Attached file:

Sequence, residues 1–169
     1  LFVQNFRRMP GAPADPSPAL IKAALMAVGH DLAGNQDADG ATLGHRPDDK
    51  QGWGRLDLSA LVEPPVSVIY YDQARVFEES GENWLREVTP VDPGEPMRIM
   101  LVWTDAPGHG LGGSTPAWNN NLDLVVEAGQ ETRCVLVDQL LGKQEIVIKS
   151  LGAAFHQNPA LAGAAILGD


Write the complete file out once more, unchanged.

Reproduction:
Sequence, residues 1–169
     1  LFVQNFRRMP GAPADPSPAL IKAALMAVGH DLAGNQDADG ATLGHRPDDK
    51  QGWGRLDLSA LVEPPVSVIY YDQARVFEES GENWLREVTP VDPGEPMRIM
   101  LVWTDAPGHG LGGSTPAWNN NLDLVVEAGQ ETRCVLVDQL LGKQEIVIKS
   151  LGAAFHQNPA LAGAAILGD